The music video for Broken Shadows (the debut single off Dead Rainbow) blew minds, and set the bar almost unreachably high for the official release of the 6-track EP. Thematically Dead Rainbow delves into the balancing of two opposite extremes, like bright colours in a dark setting.
Disappear is the first track to meet your ears on the EP. It’s one of the darker and grungier tracks, and could easily fit as the soundtrack to a sci-fi movie. The very distinct, yet muffled background vocals sound like a Transformer trying to communicate under water. Disappear does a superb job at creating a menacing yet intriguing atmosphere. Broken Shadows is one of the stars of the Dead Rainbow show. The way Mikhaela’s voice strides over the generally harsh track is genuinely refreshing and impressive. The lyrics “I’m still waiting” are repeated more than any of the other lyrics, and allude to something that’s far from over, maybe an unfinished romance.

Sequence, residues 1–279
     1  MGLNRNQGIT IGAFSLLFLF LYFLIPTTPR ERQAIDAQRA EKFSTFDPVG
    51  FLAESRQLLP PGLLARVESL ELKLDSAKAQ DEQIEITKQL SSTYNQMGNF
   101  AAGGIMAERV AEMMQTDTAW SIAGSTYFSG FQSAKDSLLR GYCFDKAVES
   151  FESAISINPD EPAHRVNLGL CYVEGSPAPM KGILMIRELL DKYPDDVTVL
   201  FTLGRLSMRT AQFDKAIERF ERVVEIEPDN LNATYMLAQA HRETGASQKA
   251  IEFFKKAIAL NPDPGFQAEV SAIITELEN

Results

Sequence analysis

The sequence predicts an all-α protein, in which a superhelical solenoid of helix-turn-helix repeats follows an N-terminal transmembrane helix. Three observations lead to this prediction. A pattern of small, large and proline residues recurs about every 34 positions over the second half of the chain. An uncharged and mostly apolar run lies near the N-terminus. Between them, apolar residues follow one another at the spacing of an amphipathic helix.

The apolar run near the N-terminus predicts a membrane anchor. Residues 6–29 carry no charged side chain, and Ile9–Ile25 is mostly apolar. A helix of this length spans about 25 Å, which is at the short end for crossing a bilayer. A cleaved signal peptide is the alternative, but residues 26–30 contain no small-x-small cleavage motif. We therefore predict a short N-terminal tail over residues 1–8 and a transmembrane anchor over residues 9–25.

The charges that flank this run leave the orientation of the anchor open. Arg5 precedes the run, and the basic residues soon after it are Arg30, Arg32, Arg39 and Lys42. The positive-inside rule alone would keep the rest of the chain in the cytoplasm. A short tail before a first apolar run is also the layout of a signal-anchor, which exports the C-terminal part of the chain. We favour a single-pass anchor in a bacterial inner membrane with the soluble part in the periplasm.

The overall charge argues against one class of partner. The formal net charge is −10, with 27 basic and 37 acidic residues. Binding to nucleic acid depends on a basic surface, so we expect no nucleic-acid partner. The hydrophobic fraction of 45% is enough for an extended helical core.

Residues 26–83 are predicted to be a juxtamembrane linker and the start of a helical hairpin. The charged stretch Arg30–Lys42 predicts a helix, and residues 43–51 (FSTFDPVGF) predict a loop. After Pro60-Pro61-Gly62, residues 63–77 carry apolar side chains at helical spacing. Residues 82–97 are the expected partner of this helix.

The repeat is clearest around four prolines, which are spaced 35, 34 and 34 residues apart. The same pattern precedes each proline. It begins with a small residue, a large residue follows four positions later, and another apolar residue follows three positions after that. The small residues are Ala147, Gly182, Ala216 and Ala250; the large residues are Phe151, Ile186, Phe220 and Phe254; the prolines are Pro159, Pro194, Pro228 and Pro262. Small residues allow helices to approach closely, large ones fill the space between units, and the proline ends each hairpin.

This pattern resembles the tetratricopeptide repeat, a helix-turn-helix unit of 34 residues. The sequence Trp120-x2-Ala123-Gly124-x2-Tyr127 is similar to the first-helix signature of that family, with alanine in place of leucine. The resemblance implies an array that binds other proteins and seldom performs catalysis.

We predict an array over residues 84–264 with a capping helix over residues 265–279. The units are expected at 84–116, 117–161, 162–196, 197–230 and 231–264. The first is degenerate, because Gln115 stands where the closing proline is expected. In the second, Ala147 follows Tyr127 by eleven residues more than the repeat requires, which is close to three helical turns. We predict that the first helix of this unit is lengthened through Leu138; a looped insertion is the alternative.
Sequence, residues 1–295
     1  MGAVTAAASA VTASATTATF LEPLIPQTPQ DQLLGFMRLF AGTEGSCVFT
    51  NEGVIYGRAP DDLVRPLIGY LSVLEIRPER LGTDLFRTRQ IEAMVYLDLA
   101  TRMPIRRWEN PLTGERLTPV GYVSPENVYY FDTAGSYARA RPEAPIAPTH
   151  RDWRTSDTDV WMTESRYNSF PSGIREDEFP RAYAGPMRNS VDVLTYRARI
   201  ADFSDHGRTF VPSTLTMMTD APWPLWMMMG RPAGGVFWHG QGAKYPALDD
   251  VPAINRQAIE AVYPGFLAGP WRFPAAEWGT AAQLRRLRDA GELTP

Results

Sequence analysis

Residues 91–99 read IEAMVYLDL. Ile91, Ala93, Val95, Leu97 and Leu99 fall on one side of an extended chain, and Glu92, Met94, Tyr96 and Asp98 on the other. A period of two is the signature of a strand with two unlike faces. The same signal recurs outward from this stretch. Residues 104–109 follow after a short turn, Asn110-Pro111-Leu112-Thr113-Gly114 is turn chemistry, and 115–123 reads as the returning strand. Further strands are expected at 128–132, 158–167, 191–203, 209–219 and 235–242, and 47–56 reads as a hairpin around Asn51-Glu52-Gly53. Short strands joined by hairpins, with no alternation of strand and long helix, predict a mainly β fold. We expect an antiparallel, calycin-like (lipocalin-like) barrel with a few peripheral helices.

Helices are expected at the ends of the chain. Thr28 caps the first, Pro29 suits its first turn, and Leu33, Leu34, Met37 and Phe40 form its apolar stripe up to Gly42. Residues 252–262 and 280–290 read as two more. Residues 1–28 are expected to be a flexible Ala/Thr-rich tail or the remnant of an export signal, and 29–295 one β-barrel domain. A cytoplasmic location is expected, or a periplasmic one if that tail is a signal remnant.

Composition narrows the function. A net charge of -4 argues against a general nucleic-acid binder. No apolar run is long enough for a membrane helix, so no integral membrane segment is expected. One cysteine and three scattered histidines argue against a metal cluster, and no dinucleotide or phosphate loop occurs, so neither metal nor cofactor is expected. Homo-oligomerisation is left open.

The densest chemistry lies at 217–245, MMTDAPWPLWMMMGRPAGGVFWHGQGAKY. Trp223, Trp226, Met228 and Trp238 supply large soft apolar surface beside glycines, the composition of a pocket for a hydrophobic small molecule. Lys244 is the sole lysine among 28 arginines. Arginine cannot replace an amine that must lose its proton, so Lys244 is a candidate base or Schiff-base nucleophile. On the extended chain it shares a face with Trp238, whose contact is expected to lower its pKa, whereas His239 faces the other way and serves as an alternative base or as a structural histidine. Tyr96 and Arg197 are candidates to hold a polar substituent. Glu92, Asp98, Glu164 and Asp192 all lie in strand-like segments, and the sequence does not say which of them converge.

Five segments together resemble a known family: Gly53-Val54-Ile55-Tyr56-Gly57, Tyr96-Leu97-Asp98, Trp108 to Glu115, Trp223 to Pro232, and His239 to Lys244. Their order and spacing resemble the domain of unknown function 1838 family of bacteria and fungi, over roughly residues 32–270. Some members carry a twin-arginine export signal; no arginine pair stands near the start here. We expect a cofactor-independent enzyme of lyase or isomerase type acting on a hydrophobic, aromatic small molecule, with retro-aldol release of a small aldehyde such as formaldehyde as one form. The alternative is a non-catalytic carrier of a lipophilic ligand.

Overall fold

Phantom Orchids feels like one of the more organic tracks on Dead Rainbow. It has an expectedly ominous start, but a few more seconds in and it unexpectedly has a relaxed, Sunday afternoon feel to it, with a piano giving it jazzy undertones.
The collaboration with Johannesburg-based experimental beat producer Hlasko is an enchanting one. The track is titled Petrichor, and the vocals are that of an eerie chant which provides the otherwise light and whimsical track with depth and a darker side. The light percussion instruments and humming, with lyrics like “Is it easier to live than it is to die?”, all emphasise the balance between two opposite extremes, like living and dying.
A Million Microdots, is more upbeat than its predecessor. Of all the tracks on this EP this is the most unexpected one. It’s not near as menacing as Disappear or as harsh as Broken Shadows for example, but it firmly stands its ground and adds an element of lightheartedness to the EP.
Dead Rainbow, (the last track) begins slow and unsuspecting, but just when you think you have it figured out, a head-banging beat that sounds like your speakers are about to burst, washes over the entire track and hauls you into it. The traditional African drums towards the end, makes it authentic and adds to its absoloute manic nature.